Silver Chips Online

County grants schools permission to grow gardens

Blair begins plans for a vegetable garden according to MCPS guidelines

By Stella Bartholet, Print Managing Features Editor
March 10, 2011
Horticulture teacher Christopher Brown has begun making plans to plant vegetable gardens this spring following a decision by Montgomery County Public Schools (MCPS) to allow students to grow food on school grounds. At the end of January, MCPS released their decision along
with guidelines intended to keep the gardens safe and properly maintained.
Horticulture
teacher Christopher Brown plans to expand Blair plant life with new
vegetable gardens Leah Muskin-Pierret
Horticulture teacher Christopher Brown plans to expand Blair plant life with new vegetable gardens

Brown said he is pleased with the new guidelines, since they will enable his students to observe all of the stages of vegetable growth. "Watching the process from seed to harvest is such an important part of horticulture," he said. In the past, students in Brown's class could only see the beginning stages of growth. Once the seeds were ready to be planted, the class sold them since they could not plant
them on school grounds under MCPS' former policy.

The gardens were not previously allowed because of safety and maintenance concerns, according to Dana Tofig, MCPS Director of Public Information and Website Services. To overcome those obstacles, the Department of Facilities Management, the MCPS Outdoor and Environmental Education Programs and other interest groups worked during the past couple of months to create a list of requirements that students must fulfill. Gordon Clark, Director of Montgomery Victory Gardens, said that these guidelines will help prevent pests from invading the school grounds and keep gardens from interfering with other activities.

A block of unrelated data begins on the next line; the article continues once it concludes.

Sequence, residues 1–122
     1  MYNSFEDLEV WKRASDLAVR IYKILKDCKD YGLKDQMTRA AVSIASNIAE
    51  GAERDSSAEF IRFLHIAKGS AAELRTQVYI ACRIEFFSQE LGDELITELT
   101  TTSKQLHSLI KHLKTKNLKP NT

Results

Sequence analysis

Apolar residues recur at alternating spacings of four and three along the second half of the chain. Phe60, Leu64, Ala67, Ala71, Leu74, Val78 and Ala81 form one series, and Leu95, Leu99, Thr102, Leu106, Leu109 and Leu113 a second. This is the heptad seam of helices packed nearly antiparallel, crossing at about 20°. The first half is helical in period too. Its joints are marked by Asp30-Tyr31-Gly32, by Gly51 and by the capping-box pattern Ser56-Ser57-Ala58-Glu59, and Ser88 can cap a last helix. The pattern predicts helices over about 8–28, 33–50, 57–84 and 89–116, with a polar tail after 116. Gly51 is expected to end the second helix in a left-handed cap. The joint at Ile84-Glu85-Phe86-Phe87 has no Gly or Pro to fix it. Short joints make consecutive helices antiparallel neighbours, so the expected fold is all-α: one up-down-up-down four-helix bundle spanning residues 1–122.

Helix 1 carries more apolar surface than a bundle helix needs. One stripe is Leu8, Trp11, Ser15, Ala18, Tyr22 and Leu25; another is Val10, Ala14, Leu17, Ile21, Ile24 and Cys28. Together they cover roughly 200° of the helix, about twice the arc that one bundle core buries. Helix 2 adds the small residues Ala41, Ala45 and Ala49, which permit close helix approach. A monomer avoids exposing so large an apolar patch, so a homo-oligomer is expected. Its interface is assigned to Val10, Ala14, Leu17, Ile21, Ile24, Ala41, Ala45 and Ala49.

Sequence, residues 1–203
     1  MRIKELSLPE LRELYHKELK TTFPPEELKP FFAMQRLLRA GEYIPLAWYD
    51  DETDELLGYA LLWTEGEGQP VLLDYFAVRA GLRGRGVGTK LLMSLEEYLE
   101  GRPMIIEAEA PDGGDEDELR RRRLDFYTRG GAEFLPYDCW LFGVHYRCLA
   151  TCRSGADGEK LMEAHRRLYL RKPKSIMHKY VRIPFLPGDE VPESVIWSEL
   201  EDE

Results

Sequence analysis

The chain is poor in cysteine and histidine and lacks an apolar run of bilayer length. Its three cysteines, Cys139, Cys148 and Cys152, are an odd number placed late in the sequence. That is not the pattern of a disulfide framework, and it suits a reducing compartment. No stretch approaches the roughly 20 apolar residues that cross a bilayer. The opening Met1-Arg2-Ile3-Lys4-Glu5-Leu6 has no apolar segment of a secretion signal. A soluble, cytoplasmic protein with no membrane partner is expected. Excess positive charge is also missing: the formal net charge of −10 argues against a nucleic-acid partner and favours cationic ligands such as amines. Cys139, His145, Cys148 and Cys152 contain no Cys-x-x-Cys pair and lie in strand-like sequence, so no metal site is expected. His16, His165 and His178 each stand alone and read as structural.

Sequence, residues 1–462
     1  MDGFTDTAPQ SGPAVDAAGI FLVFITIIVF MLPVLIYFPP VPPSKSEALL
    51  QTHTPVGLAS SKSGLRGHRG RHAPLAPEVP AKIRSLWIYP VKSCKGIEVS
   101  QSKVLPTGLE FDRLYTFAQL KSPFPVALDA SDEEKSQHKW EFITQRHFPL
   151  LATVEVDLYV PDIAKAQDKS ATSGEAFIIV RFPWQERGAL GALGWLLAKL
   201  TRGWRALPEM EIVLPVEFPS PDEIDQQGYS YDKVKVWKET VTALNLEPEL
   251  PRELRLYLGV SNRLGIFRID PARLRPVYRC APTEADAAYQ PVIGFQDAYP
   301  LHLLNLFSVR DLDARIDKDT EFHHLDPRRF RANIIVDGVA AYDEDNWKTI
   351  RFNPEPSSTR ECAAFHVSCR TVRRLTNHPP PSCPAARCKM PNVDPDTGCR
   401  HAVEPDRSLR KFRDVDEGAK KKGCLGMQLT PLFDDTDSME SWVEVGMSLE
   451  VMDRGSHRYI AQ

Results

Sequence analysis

To fulfill safety and maintenance requirements, students must start by growing vegetables in containers. According to Laurie Jenkins, Director of MCPS Outdoor and Environmental Education Programs, containers are the simplest way for beginners to start a garden and be successful. However, if students have larger goals that exceed the containers, they may request access to school grounds from the Department of Facilities Management. Clark believes that MCPS requires students to apply for permission to ensure that the garden projects will be maintained regularly and responsibly year-round.

Now that he is able to plant vegetables on school grounds, Brown hopes to receive funding in order to start a fenced vegetable garden between early-April and mid-May of this year with his class. He would also like to replace three of the flower beds near the staff parking lot and the Student Activities Center with root vegetables such as carrots and turnips. Brown has e-mailed Principal Darryl Williams with a request, but he has not yet received permission.

According to Tofig, this is not the first time the county has allowed vegetables on school campuses. MCPS never banned vegetable gardens, he said. For many years, students grew vegetables on campus sites, but the Department of Facilities Management stopped accepting garden applications because of maintenance and safety issues.

According to Clark, supporters began advocating for the reinstatement of gardens in 2009, when his organization realized that students were not able to plant vegetables on school grounds. Clark gathered community garden organizations and parents to protest the restriction. He believes that the power of these supporters directed the change.

However, Jenkins said MCPS was always in support of vegetable gardens but only recently found a safe and regulated way to grow the plants. "The decision was more about the process of trying to figure out how to work with schools," she said.

http://silverchips.mbhs.edu/story/10756